Case study: Geoff Chase, Tottenham NSW – Inter-row sowing in a stubble retained farming system.
Property: “Waitara” 7500 ha, 15km north of Tottenham.
Enterprises: Angus cattle stud and commercial herd, wheat, chickpeas, faba beans, lucerne hay, fodder (which is brown manured for fallow as well as grazing).
Soil type and pH: Self cracking grey clay soils with a pH of 7.8 – 8.
Geoff manages the cropping enterprises on “Waitara” while his son and daughter in law manage to Angus stud and cattle operation. The cattle are allowed to briefly graze stubbles providing the top 100 cm of soil is dry. He finds it helps to control surviving weed seed and in years of heavy stubble load can break up and spread the straw for the following crop, although he prefers standing stubble in most years.
Paddocks are rarely cultivated, on average once every eight years or so to regenerate paddocks and allow for incorporation of pre-emergent spray.
In the past couple of years Geoff has moved away from canola in favour of faba beans as break crop, for better nitrogen fixation and soil friability, though his core crop is wheat.
He has sown more chickpeas than usual this year due to the strong prices.
Geoff runs a controlled farming system with everything on three metres apart from chaser bins.
Issues and observations of inter-row sowing:
Geoff began inter-row sowing about eight years ago. In the early days he was able to accurately sow about 85% of crop between the rows of the previous crop and immediately saw the advantages of doing so.
One advantage he quickly realised was that sowing between the rows of stubble proved easier on the machinery and used less fuel. Another was the more accurate placement of seed with no stubble to interfere with depth and seed soil contact.
More benefits were avoiding contact with stubble from the previous year when sowing wheat on wheat, when yellow leaf spot was present.
Then four years ago he purchased a disc planter on twenty inch spacing to make the practise easier again. With the wider spacing it allows for crops to be inter-row sown in successive years with no stubble contact. Although this method perhaps reduces yield slightly in wetter years he feels this is compensated by increased yields in drier seasons.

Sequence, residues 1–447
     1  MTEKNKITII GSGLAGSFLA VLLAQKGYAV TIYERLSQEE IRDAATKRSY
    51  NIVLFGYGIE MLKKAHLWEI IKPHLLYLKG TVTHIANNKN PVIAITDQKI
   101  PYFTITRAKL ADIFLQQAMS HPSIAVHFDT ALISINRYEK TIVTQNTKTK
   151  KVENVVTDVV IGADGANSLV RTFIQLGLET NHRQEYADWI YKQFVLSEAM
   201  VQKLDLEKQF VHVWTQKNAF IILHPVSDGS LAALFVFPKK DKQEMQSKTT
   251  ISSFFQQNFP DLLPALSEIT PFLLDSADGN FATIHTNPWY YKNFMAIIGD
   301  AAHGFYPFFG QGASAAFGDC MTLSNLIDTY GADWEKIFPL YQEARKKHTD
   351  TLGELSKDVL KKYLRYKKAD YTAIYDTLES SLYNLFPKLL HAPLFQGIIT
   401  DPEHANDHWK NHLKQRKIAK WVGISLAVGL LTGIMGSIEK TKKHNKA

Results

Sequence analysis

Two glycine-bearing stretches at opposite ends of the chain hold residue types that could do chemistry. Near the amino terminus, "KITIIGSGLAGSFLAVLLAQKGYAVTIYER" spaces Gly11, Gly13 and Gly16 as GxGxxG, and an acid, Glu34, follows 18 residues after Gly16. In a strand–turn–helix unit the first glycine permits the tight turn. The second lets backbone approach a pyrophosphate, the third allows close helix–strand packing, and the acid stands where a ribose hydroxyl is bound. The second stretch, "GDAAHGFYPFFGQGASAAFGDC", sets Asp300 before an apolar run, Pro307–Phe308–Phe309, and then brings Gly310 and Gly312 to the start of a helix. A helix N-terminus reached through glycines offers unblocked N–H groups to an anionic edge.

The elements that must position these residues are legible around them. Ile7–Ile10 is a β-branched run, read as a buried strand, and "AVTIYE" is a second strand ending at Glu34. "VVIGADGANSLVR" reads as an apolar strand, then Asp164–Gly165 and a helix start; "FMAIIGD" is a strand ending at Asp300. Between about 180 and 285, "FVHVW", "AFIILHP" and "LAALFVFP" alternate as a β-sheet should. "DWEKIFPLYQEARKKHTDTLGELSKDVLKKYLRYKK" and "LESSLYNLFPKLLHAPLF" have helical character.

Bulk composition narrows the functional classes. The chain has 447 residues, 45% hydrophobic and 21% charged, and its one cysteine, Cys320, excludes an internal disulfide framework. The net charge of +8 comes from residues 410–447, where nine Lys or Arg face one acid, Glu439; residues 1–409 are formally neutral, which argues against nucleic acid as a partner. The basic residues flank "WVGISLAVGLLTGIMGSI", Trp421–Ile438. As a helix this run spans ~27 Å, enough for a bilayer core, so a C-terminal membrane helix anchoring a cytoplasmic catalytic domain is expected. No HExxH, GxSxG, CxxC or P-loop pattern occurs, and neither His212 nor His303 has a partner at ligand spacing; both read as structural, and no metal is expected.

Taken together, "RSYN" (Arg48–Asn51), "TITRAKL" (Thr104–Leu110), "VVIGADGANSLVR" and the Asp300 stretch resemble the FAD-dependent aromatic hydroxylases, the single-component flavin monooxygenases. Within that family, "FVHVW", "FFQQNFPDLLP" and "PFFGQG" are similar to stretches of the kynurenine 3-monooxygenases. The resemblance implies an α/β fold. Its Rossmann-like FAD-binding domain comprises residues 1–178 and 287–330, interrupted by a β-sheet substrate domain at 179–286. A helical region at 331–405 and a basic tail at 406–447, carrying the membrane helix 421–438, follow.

Reduced canopy cover in later sown crops has not been an issue as they are able to sow on time with the efficiencies of controlled traffic farming.
Fuel usage has been reduced even further with the disc seeder combined with controlled traffic farming and he now uses up to a third less fuel than when farming conventionally.
With signs of weed resistance (ryegrass) starting to appear Geoff is now mixing his chemical groups and also spraying fence lines to control all volunteer weed seed set. He has also set up the header for narrow windrow burning and this is a tool he’ll use into the future.
Geoff classifies himself as a conservation farmer and since switching to no-till and controlled traffic farming has noticed a distinct improvement in his soil structure, being more friable with better moisture retention.
Geoff puts sustainability and profitability together and thinks they go hand in hand. He has been cautious about pushing for maximum profits at the expense of soil health and in ten or fifteen years hopes to still be improving his farming methods, increasing diversity and remaining flexible in his approach to utilizing all tools available.
His advice to other farmers contemplating change in their farming practise is to set goals and try to achieve them, but not to become too rigid in implementing new ideas if markets or seasons are adverse to a certain decision.